The New England Patriots passed, intercepted, and returned kickoffs for touchdowns Sunday afternoon at Gillette Stadium as they defeated the Cincinnati Bengals, 38-24. The defense, which had been heavily scrutinized during the preseason, forced two turnovers and kept the Bengals out of the end zone until midway through the third quarter.
Tom Brady, who signed a 4-year, $72 million contract two days ago, threw for three touchdowns and 258 yards, going 25/35 and finishing with a quarterback rating of 120.9.
Two of his touchdown passes were caught by Wes Welker, who was playing in his first NFL regular season game since tearing the medial collateral and anterior cruciate ligaments in his left knee in January 2010. Welker played this game as if none of that had ever happened. He was Brady’s top receiver against the Bengals, leading the team with 8 receptions for 64 yards and 2 touchdowns. He seemed to have no trouble cutting, frequently eluding and confusing his defenders to pick up extra yards on his receptions.
Brady’s first two touchdown passes came in the first half, then the offense seemed to take the third quarter off. Brady and his corps ran just five plays from scrimmage in the third quarter, going 3-and-out in their only drive. The Bengals, meanwhile, orchestrated two 12-play drives in the third quarter, both of which ended with Carson Palmer touchdown passes. The quarter ended with the Bengals down just two touchdowns.
However, Tom Brady found his form in the fourth quarter. He began the final quarter by driving 81 yards to the Bengals’ end zone, finishing the drive with a 1-yard touchdown pass to rookie tight end Rob Gronkowski. Gronkowski cut to the back right corner of the end zone, and Brady lofted the ball over his head. Gronkowski went up and caught the ball cleanly for the first touchdown reception of his NFL career. The Patriots may finally have a capable tight end to complement their talented receivers. Should Gronkowski stay healthy, his 2nd-round draft pick may turn out to be one of the steals of the draft.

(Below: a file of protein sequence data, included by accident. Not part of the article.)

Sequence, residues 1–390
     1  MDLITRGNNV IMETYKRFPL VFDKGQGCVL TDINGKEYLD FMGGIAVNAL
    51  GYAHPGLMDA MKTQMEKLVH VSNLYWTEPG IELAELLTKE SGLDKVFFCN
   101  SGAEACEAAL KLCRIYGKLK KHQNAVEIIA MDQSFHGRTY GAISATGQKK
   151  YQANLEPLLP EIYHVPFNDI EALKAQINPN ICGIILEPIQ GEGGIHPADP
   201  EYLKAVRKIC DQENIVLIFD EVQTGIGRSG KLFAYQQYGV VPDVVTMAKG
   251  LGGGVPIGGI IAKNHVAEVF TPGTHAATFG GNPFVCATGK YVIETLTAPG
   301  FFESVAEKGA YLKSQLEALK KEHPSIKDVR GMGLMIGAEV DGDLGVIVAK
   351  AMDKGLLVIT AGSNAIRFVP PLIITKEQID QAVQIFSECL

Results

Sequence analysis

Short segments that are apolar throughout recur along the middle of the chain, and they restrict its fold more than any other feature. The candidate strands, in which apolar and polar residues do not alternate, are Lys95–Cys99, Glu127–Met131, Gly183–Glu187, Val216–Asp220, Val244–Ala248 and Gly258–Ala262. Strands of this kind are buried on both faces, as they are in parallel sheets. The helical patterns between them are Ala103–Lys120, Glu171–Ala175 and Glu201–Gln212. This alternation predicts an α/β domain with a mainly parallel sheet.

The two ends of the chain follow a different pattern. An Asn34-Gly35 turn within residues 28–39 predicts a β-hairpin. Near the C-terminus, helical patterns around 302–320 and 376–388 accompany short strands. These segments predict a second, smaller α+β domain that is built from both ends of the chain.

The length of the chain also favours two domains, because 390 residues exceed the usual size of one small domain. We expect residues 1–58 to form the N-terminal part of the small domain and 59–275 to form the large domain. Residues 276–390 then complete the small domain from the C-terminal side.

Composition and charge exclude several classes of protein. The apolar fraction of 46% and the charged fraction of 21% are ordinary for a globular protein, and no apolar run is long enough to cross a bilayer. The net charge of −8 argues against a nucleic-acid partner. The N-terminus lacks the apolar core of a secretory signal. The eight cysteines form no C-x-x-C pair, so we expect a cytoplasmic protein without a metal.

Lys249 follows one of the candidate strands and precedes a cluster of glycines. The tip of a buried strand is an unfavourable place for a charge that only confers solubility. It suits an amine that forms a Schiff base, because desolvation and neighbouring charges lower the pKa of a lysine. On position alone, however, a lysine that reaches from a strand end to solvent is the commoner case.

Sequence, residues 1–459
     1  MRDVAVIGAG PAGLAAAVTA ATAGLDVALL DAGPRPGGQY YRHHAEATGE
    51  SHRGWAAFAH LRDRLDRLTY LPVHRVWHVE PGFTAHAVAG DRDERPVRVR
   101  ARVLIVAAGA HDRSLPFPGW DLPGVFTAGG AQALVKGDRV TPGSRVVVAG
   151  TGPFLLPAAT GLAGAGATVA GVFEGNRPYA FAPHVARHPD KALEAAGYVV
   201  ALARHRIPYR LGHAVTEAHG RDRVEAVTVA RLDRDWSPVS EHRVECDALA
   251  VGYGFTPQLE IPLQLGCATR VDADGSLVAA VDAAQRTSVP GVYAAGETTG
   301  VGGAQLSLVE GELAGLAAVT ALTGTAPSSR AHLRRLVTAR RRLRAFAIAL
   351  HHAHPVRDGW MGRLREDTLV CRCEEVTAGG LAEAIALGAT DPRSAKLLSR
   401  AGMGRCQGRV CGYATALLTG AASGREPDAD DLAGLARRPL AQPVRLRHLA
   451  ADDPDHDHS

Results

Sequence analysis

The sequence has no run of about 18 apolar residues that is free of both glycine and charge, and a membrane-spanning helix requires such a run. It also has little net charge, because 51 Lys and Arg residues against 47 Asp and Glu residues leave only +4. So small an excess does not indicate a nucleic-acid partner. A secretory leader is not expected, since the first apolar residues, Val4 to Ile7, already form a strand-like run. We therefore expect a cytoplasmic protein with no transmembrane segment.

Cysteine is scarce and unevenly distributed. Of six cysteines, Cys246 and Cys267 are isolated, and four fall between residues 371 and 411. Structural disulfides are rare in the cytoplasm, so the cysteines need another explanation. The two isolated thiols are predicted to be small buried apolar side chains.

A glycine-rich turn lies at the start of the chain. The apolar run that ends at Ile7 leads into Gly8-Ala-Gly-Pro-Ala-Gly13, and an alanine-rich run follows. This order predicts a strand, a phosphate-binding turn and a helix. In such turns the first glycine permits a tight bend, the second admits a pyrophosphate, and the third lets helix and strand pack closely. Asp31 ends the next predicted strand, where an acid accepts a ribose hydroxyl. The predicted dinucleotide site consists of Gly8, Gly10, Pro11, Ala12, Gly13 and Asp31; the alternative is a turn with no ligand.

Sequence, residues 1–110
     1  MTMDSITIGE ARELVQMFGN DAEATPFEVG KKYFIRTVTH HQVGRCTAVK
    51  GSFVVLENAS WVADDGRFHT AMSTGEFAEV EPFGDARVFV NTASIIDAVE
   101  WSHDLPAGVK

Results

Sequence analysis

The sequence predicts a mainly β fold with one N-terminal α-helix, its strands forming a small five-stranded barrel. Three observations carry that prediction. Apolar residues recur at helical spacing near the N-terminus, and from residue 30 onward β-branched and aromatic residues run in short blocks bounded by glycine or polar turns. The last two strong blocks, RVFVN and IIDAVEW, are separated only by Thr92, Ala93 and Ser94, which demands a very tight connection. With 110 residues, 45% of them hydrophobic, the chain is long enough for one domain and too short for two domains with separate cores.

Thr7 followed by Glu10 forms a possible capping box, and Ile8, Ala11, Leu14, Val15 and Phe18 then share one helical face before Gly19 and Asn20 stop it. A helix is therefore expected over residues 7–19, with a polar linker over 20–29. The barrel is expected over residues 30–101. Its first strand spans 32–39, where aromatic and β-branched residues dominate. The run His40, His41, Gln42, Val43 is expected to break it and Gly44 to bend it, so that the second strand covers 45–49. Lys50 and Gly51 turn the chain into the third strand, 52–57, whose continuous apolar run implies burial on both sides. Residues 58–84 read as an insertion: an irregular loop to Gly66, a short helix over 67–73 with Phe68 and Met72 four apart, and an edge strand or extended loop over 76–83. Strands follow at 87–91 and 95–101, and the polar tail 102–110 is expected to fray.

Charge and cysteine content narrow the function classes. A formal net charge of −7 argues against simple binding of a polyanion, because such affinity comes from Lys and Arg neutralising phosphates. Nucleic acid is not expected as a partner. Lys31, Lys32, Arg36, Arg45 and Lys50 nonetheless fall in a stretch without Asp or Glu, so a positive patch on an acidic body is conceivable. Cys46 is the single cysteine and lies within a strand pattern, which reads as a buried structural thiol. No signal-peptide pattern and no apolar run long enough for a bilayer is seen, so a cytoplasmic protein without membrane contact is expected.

Brady’s drive ate up 7:41 of clock-time and pushed the lead to three touchdowns. The Bengals did not have enough time to come back.
The Patriots defense, so maligned for its youth and lack of pass rush, took steps to prove naysayers wrong. They allowed the Bengals exactly one first down in the first quarter, sacking Palmer to end the opening drive, then following that up with a 3-and-out and then a recovered fumble.
The Bengals did not put together a drive longer than five plays until just over six minutes into the second quarter. That drive ended when linebacker Gary Guyton undercut tight end Jermaine Gresham, easily intercepting Carson Palmer’s pass. Guyton then bolted for the end zone, eluding all tacklers and finishing the 59-yard interception with a touchdown. A drive that could’ve cut New England’s lead to 10 instead pushed it to 24. Through the first half, the defense allowed just a 54-yard field goal.
While it’s true that the Bengals owned the third quarter, they also received some inadvertent help from the Patriots. The second half began with the Bengals kicking to the Patriots. Wide receiver Brandon Tate fielded the ball at the 3-yard line, then after high-stepping for a moment began to sprint up-field. Eluding tackler after tackler, Tate sprinted 97 yards for the touchdown, pushing the lead to 31-3. What might have otherwise been a long offensive drive by the Patriots was instead an electrifying 12 second special teams score. It meant more time on the field for the defense, but they were happy to trade extra playing time for a four-touchdown lead.
This game was an offensive triumph. Through the entire game, the Patriots punted exactly once: during their lone 3-and-out drive in the third quarter. No one fumbled, and the Patriots only turned the ball over once: on downs, with 1:10 left in the game, up two touchdowns. It may have been an act of kindness by the Patriots to not kick an easy field goal in that situation, electing instead to go for it on fourth down and give the Bengals the opportunity to stop them and orchestrate one more drive.
Defensively, the Patriots played exceptional football for a half, then ran out of steam midway through the third quarter. Playing over 11 minutes of the third quarter slowed their pass rush, which had successfully sacked Palmer in the first quarter, and led to Palmer being hurried but never sacked in the second half. He played very well, going 34/50 for 345 yards, two touchdowns, and an interception. His primary receiver was Chad Ochocinco, who caught 12 passes for 159 yards and a touchdown. He never did fire that musket.